Oliver focuses on Pearson, a British multinational, during one part of his monologue. Pearson administers about 100 million tests worldwide, spokeswoman Stacy Skelly told Quartz. For viewers without kids, Oliver compared the company to one of America’s least favorite cable companies. ”Pearson are the education equivalent of Time Warner Cable. Either you’ve never had an interaction with them and don’t care, or they’ve ruined your f****ing life.”

A seemingly nonsensical test passage about a talking pineapple and a hare is one that media and education advocates have latched onto as an example of the unreasonable  questions that students have to deal with.

Oliver talks about the test graders Pearson sometimes hired off Craigslist. Skelly confirmed that Pearson hires graders from Craigslist, among a number of places. She said they go through a rigorous application and training process. But Skelly said Pearson does not do some of the things Oliver alleged, such as asking graders to alter scores to match a desired curve. (The show does not make clear which of the former graders it spoke with worked for Pearson, versus other testing companies.)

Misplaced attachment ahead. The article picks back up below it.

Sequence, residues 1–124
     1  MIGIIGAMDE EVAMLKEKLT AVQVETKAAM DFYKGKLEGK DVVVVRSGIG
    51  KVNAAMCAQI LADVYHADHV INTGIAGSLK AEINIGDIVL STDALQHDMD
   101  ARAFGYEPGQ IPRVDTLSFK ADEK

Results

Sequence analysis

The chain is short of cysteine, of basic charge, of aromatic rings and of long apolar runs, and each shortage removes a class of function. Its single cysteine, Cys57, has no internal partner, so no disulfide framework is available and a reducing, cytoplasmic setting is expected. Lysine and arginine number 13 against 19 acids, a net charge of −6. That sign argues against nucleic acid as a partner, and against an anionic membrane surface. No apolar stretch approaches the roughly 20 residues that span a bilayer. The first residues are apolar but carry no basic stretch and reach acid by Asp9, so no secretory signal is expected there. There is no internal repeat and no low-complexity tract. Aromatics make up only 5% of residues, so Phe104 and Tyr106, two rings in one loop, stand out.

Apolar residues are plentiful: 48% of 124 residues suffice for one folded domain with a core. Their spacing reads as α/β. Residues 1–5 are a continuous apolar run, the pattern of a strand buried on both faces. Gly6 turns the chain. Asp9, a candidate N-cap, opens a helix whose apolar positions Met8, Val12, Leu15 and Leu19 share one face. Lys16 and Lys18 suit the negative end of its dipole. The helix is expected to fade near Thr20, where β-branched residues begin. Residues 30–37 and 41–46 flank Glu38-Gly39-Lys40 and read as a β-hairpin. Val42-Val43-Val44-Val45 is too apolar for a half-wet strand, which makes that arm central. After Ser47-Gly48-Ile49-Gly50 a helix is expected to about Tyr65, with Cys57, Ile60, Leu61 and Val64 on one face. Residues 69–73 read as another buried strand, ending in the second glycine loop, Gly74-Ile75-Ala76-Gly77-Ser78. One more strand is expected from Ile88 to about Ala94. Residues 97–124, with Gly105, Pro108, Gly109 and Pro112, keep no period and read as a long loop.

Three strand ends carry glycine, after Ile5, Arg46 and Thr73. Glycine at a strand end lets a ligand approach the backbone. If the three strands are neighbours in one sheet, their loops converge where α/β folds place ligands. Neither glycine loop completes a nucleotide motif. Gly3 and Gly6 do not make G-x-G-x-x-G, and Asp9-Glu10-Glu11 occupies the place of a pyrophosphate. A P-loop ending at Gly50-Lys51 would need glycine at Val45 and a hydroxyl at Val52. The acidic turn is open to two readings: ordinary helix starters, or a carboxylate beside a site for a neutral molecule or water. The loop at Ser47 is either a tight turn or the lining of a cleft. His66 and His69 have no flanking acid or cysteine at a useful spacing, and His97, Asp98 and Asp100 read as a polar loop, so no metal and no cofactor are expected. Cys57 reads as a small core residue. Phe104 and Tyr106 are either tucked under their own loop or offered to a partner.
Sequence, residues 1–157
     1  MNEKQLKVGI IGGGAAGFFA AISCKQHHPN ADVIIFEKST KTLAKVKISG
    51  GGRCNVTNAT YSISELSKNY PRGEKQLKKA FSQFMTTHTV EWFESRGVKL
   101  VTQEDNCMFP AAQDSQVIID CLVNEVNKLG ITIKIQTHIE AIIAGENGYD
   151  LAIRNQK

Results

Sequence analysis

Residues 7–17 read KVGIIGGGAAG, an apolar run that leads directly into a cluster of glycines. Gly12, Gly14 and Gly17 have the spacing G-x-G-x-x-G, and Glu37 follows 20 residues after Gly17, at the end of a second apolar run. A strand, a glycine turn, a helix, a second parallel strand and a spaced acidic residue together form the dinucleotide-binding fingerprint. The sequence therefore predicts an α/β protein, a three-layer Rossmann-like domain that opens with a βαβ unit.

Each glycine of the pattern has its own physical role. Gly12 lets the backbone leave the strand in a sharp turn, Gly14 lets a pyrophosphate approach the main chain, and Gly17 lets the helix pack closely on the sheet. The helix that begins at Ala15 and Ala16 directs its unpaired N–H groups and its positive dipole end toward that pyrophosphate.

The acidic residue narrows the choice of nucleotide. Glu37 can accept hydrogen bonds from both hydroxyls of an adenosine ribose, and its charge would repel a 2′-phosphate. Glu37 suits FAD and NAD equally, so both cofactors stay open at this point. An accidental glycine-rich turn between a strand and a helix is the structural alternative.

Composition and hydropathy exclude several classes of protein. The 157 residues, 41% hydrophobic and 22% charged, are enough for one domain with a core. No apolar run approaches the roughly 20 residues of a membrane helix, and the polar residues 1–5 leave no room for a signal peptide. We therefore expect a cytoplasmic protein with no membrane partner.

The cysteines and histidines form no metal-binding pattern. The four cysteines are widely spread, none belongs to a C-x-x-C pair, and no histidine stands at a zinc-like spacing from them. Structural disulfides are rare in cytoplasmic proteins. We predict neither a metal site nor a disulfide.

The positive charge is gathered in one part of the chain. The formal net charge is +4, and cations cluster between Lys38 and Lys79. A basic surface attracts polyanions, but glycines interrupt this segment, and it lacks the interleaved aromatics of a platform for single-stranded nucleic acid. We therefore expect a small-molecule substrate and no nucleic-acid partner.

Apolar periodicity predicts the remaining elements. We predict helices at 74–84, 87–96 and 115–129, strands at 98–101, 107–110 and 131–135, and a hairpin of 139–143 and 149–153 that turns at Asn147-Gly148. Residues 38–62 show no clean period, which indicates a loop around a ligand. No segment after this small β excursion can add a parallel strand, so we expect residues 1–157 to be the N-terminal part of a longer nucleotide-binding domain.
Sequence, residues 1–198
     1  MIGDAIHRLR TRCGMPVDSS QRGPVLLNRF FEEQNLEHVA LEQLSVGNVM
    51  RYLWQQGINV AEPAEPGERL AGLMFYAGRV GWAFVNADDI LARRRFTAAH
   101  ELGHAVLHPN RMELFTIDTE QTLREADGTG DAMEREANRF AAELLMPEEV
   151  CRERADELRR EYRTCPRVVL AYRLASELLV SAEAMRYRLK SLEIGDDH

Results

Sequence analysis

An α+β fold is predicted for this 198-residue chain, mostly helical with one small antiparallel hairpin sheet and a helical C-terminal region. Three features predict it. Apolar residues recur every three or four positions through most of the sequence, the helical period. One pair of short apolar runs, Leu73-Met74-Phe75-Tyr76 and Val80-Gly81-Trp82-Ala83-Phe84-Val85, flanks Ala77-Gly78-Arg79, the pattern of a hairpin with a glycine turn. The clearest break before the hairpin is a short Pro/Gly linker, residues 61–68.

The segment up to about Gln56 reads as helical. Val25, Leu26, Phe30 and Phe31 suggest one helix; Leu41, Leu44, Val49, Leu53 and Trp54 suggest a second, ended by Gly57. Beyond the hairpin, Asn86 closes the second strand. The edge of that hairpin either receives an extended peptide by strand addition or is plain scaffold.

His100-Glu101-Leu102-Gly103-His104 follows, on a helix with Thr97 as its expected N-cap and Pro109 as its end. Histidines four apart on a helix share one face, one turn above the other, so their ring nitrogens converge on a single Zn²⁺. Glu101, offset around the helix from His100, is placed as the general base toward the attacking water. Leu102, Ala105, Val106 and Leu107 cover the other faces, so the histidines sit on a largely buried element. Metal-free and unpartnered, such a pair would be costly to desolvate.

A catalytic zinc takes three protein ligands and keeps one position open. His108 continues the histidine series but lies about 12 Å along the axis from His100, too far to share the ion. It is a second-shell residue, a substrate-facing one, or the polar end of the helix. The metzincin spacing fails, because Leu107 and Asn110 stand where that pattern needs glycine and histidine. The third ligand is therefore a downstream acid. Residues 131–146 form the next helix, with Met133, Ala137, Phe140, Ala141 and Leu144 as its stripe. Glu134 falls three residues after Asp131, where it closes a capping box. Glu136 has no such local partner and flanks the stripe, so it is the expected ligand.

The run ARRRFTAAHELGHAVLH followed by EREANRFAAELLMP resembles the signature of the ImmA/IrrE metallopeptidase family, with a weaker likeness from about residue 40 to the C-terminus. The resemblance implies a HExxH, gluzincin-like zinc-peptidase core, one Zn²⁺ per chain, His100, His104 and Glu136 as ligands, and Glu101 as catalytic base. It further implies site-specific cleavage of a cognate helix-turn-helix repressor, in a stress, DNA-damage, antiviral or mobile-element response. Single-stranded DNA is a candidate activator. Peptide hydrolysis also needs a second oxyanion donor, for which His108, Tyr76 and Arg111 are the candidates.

Pearson reacted good-naturedly to Oliver on Twitter, linking to a post that points out that testing is only one part of student learning assessment, and to another that says data will be the future of test improvement.

As Education Week points out, standardized testing is a huge and confusing topic, one that Oliver can’t fully explain in all its nuance in an 18-minute segment. But he make a good case for more accountability from the government and test companies. ”This is a system which has enriched multiple companies, and that pays and fires teachers based with a cattle-birthing formula, confuses children with talking pineapples, and has the same kind of rules regarding transparency that Brad Pitt had for Fight Club.

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